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Roya Bauman  

singer, musician, U.S.A.


Music CD,
Love Setteth the World Aflame
by Roya Bauman, U.S.A.

Letter
Recently at the Downtown United Presbyterian Church in Rochester, New York, (where my husband George and I have singing jobs), several Bahá´í songs were featured as part of the sermon. The sermon was about how religious faiths use poetic language in expressing religious/spiritual thoughts and teachings, and how such language can be uplifting and transformative. The speaker addressed not only Christianity but also Judaism, Islam and the Bahá´í Faith; she also quoted Rumi, the Persian poet. She had heard my CD at a friend's house and decided to interweave 3 of the songs into her sermon. George and I, with help from choir director John Bodinger, performed the following songs, all composed by Anne Biswell of Kansas City: O God Guide Me!, The Healing Prayer, Home of Peace. In the church bulletin, each song was listed along with its author (Bahá'u'lláh or ĎAbdu'l-Bahá or "text unauthenticated") and the composer.

Excerpt from Arts Dialogue, February 2000, page 4


list of tracks

You can order my CD, "Love Setteth the World Aflame", at the following web site: www.dynrec.com/royabauman


Oneness of Humanity Arts Concert, Rochester, New York, U.S.A.
By Roya Bauman, Alloysia Haynes, Carl Appleton and Jaci Ayorinde, U.S.A.

In March the Rochester, NY, Bahá´í community organized A Celebration Of The Oneness Of Humanity concert held at the School of the Arts. Nearly 500 people attended, more than half of whom were not Bahá´ís, and the event was an unparalleled success for the local Bahá´í community. Performances included: a dancer who glided across the stage, lifted in a graceful pose by a man in a wheelchair; black and white youth performing the Martyr's Step Dance, a dance about the sacrifices of the early Bahá´ís in Persia; Native American youth who shared their culture in song and dance; African drumming and dancing; a dance performed by a group with Down's Syndrome; a young Indian college student performing an energetic dance entitled Sivastakam, a dance praising Lord Shiva; and a local performance artist, founder of PeaceArt International, who sang and danced original, moving works, dedicated to greater human understanding. Interspersed among the performances were readings from six of the world's major religions, read by representative of each faith.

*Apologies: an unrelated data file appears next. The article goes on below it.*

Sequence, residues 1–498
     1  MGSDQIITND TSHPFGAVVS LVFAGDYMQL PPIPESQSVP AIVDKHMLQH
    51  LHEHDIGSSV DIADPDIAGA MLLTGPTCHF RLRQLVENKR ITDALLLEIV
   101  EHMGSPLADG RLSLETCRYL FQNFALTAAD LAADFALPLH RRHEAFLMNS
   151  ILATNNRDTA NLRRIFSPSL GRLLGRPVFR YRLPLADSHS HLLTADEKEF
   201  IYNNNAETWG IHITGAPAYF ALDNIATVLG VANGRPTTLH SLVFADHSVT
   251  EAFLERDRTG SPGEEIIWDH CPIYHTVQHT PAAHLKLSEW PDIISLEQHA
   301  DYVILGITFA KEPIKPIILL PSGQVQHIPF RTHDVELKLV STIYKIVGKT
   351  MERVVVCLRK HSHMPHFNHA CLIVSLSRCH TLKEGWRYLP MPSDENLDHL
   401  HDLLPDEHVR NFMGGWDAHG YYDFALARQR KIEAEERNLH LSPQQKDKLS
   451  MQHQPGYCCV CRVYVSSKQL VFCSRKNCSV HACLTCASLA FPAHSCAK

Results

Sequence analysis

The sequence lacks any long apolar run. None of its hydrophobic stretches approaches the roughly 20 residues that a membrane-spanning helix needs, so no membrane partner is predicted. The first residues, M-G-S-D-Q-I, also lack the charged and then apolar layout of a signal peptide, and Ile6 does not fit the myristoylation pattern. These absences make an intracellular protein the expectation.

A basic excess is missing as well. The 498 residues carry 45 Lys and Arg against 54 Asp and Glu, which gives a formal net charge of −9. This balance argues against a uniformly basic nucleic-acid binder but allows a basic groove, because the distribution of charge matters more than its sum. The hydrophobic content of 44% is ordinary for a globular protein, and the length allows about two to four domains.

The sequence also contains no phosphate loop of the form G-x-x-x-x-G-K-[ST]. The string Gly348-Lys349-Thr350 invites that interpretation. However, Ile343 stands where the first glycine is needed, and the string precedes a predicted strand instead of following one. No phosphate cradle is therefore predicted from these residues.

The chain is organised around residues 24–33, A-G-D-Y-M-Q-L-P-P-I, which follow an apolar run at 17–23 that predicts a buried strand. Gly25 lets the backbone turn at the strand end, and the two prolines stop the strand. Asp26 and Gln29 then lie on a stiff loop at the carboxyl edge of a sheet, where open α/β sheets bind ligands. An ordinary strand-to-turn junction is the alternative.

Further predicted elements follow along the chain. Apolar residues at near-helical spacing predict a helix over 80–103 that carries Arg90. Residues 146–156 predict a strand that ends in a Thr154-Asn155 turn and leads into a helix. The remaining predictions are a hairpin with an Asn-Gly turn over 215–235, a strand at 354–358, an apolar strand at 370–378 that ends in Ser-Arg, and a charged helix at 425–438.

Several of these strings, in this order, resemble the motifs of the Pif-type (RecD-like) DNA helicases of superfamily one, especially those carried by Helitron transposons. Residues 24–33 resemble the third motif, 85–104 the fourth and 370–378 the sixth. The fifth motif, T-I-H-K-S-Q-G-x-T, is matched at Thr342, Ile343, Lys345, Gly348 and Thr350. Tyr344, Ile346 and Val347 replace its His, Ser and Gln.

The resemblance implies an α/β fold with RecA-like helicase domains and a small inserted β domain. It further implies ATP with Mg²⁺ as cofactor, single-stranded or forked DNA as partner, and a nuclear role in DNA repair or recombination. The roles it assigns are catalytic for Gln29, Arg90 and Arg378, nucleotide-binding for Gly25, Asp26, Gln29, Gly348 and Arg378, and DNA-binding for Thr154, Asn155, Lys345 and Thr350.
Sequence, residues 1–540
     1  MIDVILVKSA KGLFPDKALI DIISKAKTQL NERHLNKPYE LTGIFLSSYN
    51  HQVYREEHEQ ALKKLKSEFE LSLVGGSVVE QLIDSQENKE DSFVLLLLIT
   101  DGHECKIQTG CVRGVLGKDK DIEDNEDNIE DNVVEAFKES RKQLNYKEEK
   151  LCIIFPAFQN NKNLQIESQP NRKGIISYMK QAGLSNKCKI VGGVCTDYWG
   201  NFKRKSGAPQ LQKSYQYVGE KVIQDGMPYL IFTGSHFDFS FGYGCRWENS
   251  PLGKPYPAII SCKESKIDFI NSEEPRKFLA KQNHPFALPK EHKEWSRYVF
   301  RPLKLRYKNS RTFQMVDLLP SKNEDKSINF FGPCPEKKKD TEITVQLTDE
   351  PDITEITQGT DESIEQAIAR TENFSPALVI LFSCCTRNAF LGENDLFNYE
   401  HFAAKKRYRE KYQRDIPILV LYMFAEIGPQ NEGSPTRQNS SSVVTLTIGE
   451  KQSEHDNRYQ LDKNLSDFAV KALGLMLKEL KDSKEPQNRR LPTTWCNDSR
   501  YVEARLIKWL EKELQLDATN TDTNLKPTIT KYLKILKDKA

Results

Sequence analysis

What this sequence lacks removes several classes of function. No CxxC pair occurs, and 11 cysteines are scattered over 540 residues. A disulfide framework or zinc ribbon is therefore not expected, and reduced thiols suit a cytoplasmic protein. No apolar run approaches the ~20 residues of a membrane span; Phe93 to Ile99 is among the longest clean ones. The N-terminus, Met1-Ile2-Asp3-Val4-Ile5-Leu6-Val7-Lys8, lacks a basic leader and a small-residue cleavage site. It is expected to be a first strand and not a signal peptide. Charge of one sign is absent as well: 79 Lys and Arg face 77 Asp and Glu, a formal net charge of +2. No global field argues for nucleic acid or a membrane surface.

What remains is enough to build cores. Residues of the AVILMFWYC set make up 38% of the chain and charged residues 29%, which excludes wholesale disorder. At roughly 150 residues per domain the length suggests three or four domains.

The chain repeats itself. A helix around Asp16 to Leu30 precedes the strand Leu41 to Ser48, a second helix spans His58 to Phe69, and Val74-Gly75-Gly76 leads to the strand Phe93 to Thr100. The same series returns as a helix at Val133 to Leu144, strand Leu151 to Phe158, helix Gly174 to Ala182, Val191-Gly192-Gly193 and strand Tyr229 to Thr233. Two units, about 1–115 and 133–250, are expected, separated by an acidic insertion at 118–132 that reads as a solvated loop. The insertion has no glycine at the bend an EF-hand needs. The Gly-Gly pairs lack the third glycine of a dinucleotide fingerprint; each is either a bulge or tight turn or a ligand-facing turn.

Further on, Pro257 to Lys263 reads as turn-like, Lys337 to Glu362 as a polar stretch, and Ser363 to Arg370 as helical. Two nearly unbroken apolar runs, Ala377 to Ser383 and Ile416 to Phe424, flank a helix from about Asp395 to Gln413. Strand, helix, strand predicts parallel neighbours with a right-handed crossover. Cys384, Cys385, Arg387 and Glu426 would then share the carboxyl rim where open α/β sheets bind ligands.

The event was interpreted for the hearing impaired and the performance was accompanied by a show of students´ artwork from around the Rochester area on the event´s theme. Prizes were awarded to the three pieces judged to be the best. The colorful and inspiring works were on display in the lobby of the School of the Arts before, during and after the performance. A full cafe of food from different countries and cultures was provided by local Bahá´ís and offered free to attendees. Dishes represented the countries of Iran, Greece, Jamaica, China, Italy, Vietnam, Trinidad, Guyana, and many others. While everyone ate and interacted, the Trinidad and Tobago Steelband entertained the crowd in the foyer. Four people worked for eight months to produce the program, with the hope that it would help bring together and galvanize the entire community. Care was taken to invite participation from as many cultural and religious groups within the community as possible. Many audience members commented afterwards about how moving and transformative the evening was, and the Bahá´í community has a renewed spirit permeating its efforts.

Excerpt from Arts Dialogue, June 1998, page 5


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